Breaking the Cycle in this Generation - Elisabeth Klein
Question (from Facebook community): “Are my kids doomed?”
My children are 15-1/2 and 14, so I cannot speak from the place of seeing what kind of adults they have turned out to be. But here’s what I know.
I am a child of divorce.  And I got divorced.  That little life truth makes me nauseous and leaves me feeling paralyzed, if I let it.  Because the next natural step in that equation would seem to be – therefore, my kids will end up in difficult marriages and get divorced as well.
Before I go on, though, let me just say…as hard as a hard marriage was, and as horrible as divorce is, and as much as I want to spare my children from any kind of pain at all if I could…if either of my children end up in a difficult marriage and/or end up getting divorced, it will not be the end of the world for them or for me.  Don’t get me wrong: I don’t want that for them…God doesn’t want that for them…they don’t want that for themselves.  But…if that is what their hard thing ends up being in life, it’s live-through-able.  It really is.  So, let’s let that truth take some of the steam out of the word doomed, shall we?
But as far as the real question underneath the question: “are they destined to repeat our mistakes?” Absolutely not. They will if you don’t look your mistakes full in the face and dissect them all and take responsibility and make amends. But if you do the hard work now, you will be able to impart serious life lessons to your children that can help them avoid our pitfalls.
Things like, choose your marriage partner with the utmost care.  It’s not who you can’t live without.  Come on, life isn’t a romantic comedy.  It’s who you can honestly see yourself living out your daily life with.  (See Red Flags for some things you can teach your kids to look for in a spouse: http://elisabethcorcoran.blogspot.com/2012/08/red-flags.html.)
Feel your feelings.  Are your kids able to express their emotions? They need to know what their feelings are, be able to verbally describe how they’re feeling, and appropriately express them. It’s okay to cry, it’s not okay to punch someone, things like that.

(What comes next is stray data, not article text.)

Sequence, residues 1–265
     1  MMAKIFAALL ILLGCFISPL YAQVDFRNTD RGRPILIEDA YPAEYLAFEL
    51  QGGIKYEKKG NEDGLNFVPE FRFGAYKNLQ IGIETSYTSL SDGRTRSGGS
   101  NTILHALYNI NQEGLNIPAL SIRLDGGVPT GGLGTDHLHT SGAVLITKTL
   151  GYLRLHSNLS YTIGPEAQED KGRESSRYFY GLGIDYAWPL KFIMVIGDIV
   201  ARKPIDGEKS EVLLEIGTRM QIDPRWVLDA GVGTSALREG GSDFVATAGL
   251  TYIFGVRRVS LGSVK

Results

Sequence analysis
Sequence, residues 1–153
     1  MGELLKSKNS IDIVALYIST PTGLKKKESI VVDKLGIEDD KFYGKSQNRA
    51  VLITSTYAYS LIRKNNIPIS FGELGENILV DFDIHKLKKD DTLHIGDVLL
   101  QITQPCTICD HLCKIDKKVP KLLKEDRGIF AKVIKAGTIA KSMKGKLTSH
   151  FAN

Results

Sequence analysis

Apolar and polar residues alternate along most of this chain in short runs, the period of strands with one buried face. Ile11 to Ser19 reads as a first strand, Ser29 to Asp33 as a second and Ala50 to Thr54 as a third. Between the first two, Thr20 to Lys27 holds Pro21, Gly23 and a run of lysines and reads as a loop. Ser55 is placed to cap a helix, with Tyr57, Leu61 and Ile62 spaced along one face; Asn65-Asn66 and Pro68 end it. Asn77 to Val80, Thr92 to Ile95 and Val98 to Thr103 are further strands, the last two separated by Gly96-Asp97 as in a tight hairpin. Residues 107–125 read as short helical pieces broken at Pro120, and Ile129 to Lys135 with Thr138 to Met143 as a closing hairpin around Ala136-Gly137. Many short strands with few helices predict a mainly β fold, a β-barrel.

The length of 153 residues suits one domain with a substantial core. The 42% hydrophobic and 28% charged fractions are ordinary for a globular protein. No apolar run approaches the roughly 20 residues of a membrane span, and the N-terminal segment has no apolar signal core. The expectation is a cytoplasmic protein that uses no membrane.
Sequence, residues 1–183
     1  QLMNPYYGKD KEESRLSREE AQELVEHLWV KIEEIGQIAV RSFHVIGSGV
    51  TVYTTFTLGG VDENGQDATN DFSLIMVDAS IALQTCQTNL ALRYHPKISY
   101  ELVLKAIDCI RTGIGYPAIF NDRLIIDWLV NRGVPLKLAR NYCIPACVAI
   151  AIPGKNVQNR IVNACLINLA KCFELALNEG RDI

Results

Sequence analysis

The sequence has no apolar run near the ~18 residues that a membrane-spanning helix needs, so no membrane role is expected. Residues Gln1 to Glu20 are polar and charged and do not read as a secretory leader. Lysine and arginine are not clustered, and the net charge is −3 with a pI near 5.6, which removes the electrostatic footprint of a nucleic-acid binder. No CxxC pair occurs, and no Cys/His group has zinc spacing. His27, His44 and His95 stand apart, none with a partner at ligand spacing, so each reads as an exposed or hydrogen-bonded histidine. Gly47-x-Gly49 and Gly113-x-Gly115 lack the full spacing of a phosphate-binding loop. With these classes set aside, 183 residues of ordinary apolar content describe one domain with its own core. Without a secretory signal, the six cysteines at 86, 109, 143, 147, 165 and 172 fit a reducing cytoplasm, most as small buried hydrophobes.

It’s wise to ask for help. Living life in isolation can only lead to trouble. Make sure your children know now how to choose good friends, and how to know when it’s time to call in the big guns and get outside help for a troubling situation.
God’s grace covers it all. I Peter 4:8 says that “love covers a multitude of sins”. Your child will make mistakes. A lot of them. If we didn’t sin and mess up, Jesus wouldn’t have had to come for us. We shouldn’t run headlong into sin touting that grace will be there to catch us when we fall, but we can rest in the comfort that when we do mess up, he will be there to help pick up the pieces. There is no mistake too big for the love of God.

Do your children know these things?  Do you know these things? You must know these things first before you can pass them along. But you can pass them along. You can stand up and put a stop to some things. You can begin speaking truth against the wrong or the evil going on in your home, in your family, in your relationships. You can model how things should be done. You can apologize when you mess up. You can correct and discipline when dangerous patterns start to emerge.
And you can breathe in believing that your Father is also your children’s Father. He’s got them. He won’t let them fall. Just like he hasn’t let you.

If this post helped you, “Moving On as a Christian Single Mom” is for you, found here.